BRUSSELS (Reuters) - Pension funds in the European Union will not be required to increase their capital in the same way as banks and insurers will have to, under draft rules due later this year, the EU's top regulatory official said on Thursday.
Michel Barnier, the European commissioner in charge of financial regulation, said he would propose pension fund legislation in the autumn which would focus on governance, transparency and reporting requirements but "will not cover the issue of solvency rules for pension funds."
Such rules could be considered in the future, he said.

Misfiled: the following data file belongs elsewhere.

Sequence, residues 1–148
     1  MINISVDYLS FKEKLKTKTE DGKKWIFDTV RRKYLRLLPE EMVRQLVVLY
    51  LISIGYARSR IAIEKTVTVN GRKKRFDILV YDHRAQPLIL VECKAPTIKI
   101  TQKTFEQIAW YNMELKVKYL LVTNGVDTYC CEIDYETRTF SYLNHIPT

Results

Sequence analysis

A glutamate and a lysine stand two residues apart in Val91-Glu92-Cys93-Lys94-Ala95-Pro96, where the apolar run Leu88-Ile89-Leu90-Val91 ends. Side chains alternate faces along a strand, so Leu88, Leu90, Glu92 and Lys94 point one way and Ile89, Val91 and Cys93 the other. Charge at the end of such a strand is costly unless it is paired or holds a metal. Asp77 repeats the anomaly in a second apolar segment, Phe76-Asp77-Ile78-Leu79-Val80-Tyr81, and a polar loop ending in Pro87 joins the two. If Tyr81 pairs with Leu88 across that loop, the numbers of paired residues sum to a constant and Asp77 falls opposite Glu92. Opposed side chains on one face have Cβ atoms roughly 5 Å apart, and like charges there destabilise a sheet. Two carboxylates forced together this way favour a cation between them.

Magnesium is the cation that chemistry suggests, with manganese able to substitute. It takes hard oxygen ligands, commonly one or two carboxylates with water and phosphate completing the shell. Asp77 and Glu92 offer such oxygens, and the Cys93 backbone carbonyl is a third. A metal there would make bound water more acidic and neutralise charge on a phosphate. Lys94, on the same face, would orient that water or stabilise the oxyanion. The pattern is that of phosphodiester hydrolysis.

Britain, Germany and the Netherlands were among the countries that had urged the European Commission not to force retirement funds to hold additional capital.
The commssion decided on a softer approach in order to avoid hampering pension fund investment and possible knock-on impacts on the economy, an EU official said.
Banks and insurers are being obliged to hold capital reserves in strict proportion to the risks they take on.